Thirteenth Birthday (a poem)

Thirteenth Birthday


A Catholic man took his son for a walk one day. He said,

“It is your thirteenth birthday, son, and this is the day I must make

An awful confession to you.

Shortly after your birth, on a day when you were too young

To consent or even understand what we were doing,

Your mother and I made a decision on your behalf.

We had you baptized.

We could not wait for you to be old enough to make

This choice yourself because

By then it would have been too late to begin the work

Of raising you as a baptized child.

So we made this choice for you,

And for thirteen years, we have tried to make good on it.

You are now a young man, and

I owe it to you to now

To explain why we made this choice and

To offer you the freedom

To unmake it.”


From the corner of his eye, he could see his son gazing

At his face as they walked. He continued speaking.

“There is an old humanity, what some called civilized humanity,

The society into which you, like your mother and I, were born.

Old humanity is bound together by a lie,

A lie to which all agree and which none may ever question.

Here is the lie:

It is you alone that matters most in the end.

Your life is all about you.

Do you understand what I’m saying, son?”


The boy shook his head. “Not yet,” he said.


“A fisherman catches a fish and values it only for

Its taste at his table or its monetary value at the market.

A landowner counts the trees on a mountain and

Values them only for the money they will bring him

When he reduces them into lumber.

A student learns her lessons and delights,

Not in the truth, but in being thought smart

By others.

A father loves his children because of the benefits

They bring him, and his children love him for the

Same reason.

In each case, a thing has value

Only when it is reduced

To the profit, pleasure, prestige, or power it brings

To the human self, the selfish human.

To be self-centered is not wrong, son. It is where we all begin.

But we are meant to grow beyond our little selves

Into a bigger community.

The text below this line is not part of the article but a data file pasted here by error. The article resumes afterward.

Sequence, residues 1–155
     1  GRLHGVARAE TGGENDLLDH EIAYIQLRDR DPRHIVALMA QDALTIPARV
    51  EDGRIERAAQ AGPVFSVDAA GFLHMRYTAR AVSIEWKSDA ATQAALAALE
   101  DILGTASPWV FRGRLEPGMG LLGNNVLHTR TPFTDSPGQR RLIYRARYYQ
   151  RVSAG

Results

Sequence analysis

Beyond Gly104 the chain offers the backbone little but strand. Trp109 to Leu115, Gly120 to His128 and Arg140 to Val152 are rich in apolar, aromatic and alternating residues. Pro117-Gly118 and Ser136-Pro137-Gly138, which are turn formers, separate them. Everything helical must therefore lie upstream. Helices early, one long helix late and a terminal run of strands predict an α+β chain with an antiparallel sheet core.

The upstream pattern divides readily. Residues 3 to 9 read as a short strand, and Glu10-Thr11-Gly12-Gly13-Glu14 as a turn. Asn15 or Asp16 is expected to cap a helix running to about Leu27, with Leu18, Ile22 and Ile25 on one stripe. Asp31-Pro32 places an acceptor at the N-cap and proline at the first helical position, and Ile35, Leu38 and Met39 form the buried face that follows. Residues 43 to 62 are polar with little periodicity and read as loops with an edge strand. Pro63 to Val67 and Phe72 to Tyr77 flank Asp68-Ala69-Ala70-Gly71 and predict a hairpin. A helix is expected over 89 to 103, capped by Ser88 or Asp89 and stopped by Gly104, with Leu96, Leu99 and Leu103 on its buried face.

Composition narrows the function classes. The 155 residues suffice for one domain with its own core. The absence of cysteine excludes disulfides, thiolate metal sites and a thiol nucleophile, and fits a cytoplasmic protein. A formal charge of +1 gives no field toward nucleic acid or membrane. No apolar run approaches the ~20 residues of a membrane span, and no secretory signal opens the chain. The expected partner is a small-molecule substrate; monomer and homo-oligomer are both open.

Still, civilized humanity rolls along comfortable in its lie,

And that is the problem,

A refusal to grow.

So we had you baptized

As an act of resistance,

Hoping to give you a choice to opt out

Of this small and popular madness, and opt in

To a deeper current, a wider life.

Now do you understand what I am saying?”


The boy said, “I’m trying, but not yet.”


The man slowed his pace of his walking and speaking.

“There is also a new humanity. I think of it as a re-wilded humanity.

It lives for love of the whole, not love of the self alone. Instead

Of seeing other creatures as enhancements to the self, it values

The self as an opportunity to enjoy and enhance other creatures, and

In so doing, to enhance the whole, which includes

Oneself as a part.”


For the first time, from the corner of his eye, he could see

On his son’s face a flicker of understanding. He continued.


“Baptism is a ritual by which we offer our

Selves to be part of the new, re-wilded humanity, the humanity

That lives for the whole, in love.

Your mother and I, as your parents,

Could not raise you as part of the old humanity

Because we no longer believed in it.

We saw its lie and knew its end was self-destruction.

So we raised you to live as we are seeking to live,

As people of love, as people of the wild beloved whole,

As a new humanity that follows the Way of Love

As taught by the Galilean peasant, Jesus,

And by all true prophets.”


The father stopped walking and faced his son.

“This is a hard road, my son. It is far easier

To live in the old humanity, to buy into the popular lie,

To live for self alone,

To play the game.

The challenge of this new way

Of life is great. If you decide now to abandon

Our way, I will love you no less. You are my son, and

You are free.

You are free.”